The 2009 Nissan GT-R fleshes out its supercar credentials with features that play up its track abilities—and some that make casual driving sessions a bit more enjoyable.
The GT-R comes in two different versions, Base and Premium, which differ only in equipment and options. The base version, Edmunds says, “comes standard with 20-inch alloy wheels, xenon headlights, Brembo brakes, a rear spoiler, an electronically adjustable suspension, leather upholstery, power front seats, aluminum-trimmed pedals, a leather-wrapped steering wheel and shift knob, Bluetooth, keyless entry/start, automatic climate control, a six-speaker sound system, XM Satellite Radio, a multifunction driver-configurable information monitor, an in-dash Compact Flash card reader and a navigation system with a 30-gigabyte hard drive, 9.4 gigabytes of which can be used for audio storage."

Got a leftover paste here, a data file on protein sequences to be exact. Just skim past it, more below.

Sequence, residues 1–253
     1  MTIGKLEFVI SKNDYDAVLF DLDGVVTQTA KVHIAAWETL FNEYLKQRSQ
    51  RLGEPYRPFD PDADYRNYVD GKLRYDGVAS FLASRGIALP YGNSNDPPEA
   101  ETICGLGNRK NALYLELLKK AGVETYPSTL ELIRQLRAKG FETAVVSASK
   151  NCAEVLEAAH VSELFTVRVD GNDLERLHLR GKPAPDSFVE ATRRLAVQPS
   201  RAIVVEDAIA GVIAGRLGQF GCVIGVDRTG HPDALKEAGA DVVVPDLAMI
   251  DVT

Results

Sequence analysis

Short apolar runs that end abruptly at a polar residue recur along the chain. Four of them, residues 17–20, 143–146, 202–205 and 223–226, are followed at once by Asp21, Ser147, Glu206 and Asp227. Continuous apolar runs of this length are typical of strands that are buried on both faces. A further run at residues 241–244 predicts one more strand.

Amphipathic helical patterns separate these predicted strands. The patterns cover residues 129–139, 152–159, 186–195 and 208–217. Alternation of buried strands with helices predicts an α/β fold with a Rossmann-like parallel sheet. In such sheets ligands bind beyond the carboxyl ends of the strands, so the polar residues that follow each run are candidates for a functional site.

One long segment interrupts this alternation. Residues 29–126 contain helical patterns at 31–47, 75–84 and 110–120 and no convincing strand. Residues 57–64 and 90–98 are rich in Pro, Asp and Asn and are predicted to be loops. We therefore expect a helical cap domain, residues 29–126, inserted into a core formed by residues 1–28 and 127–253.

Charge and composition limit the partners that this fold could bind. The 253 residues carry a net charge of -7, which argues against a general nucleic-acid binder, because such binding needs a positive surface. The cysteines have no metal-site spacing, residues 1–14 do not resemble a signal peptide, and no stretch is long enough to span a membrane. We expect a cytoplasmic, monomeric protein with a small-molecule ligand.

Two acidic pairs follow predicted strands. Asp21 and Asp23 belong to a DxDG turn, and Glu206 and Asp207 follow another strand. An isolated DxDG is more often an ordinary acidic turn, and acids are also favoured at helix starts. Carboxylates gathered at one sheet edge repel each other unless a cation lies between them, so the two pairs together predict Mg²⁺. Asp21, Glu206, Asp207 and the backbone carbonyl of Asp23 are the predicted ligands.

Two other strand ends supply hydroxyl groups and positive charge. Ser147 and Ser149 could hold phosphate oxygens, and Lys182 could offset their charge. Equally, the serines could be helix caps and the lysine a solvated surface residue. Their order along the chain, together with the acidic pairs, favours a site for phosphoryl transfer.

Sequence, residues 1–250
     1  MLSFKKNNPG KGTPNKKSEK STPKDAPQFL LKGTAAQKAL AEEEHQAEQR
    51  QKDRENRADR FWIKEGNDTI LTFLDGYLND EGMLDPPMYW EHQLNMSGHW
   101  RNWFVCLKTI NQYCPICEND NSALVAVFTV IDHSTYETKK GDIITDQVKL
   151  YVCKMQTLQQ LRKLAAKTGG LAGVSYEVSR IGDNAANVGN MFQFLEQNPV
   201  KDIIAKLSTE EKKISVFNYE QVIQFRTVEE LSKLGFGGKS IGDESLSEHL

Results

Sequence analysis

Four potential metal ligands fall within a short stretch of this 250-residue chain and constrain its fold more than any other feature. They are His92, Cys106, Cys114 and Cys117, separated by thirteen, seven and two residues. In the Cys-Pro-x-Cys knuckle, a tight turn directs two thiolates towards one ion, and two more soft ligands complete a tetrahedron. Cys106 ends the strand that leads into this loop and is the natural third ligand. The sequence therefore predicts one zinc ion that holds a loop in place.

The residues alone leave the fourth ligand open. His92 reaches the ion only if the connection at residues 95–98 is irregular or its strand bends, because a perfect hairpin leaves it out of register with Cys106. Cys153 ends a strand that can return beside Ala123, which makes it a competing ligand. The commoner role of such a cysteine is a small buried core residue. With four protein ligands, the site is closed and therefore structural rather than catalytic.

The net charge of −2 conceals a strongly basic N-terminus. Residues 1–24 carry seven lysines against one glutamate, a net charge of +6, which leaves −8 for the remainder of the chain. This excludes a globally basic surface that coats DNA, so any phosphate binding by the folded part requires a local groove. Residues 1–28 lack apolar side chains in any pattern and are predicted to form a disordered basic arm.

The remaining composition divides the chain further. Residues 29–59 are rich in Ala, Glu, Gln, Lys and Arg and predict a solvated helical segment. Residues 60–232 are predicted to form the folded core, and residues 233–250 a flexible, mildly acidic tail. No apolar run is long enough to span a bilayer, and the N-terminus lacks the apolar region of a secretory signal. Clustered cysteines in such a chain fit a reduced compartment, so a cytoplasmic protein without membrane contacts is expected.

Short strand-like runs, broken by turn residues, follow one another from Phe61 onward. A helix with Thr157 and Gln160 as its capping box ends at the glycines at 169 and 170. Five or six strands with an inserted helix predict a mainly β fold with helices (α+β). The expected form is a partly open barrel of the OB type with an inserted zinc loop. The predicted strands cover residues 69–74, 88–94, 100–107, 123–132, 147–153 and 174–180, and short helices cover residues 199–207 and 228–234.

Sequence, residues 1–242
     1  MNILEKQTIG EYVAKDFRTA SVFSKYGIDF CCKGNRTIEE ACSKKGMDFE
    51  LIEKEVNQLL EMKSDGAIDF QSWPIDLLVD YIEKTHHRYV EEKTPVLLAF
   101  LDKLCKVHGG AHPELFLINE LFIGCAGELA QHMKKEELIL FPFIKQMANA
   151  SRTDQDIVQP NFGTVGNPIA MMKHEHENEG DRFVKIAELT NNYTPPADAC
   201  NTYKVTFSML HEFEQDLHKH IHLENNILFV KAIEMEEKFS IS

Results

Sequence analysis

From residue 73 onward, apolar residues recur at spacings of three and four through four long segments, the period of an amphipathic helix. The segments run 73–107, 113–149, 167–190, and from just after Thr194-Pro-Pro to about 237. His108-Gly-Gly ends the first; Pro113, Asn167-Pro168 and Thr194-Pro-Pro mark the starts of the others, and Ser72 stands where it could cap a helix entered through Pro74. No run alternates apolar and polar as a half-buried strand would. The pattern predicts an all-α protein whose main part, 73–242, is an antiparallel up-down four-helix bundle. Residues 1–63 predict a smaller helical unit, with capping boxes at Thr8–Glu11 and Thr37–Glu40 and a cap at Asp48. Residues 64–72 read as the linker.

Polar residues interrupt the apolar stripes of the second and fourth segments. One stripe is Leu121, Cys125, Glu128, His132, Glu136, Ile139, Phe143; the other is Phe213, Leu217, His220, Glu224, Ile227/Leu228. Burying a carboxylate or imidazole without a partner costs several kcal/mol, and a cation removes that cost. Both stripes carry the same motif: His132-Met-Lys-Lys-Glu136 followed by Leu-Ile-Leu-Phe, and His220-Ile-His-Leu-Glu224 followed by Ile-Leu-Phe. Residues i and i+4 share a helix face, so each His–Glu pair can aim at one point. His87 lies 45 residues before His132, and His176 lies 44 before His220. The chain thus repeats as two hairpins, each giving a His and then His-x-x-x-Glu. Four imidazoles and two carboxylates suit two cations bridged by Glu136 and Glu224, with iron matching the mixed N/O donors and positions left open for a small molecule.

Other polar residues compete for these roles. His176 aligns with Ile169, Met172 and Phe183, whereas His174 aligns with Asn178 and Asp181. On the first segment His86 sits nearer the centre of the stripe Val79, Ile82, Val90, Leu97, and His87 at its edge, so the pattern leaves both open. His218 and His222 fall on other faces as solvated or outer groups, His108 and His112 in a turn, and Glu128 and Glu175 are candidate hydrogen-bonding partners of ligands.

The Premium version, they report, “adds higher-performance tires, an 11-speaker Bose audio system with two subwoofers, heated front seats, front passenger side airbags and full-length side curtain airbags. Notably, side and side curtain airbags are not available on the base model.” In Premium form, the GT-R is better equipped than nearly every supercar researched by TheCarConnection.com.
The GT-R’s navigation and gauges deserve special notice. A “must-see feature,” according to Cars.com, the navigation screen hosts “a total of 11 screens” that “give more information than I've ever seen in a production car, starting with the mundane oil temperature and pressure, turbo boost gauge and fuel economy, and ranging up to steering angle, acceleration and braking in percent, AWD torque distribution, and lateral, acceleration and braking g-force.” The GT-R’s display allows users to customize those screens; Nissan wisely hired the designers (Polyphony Digital) who worked on the Sony PlayStation's Gran Turismo game to design the interface, they add.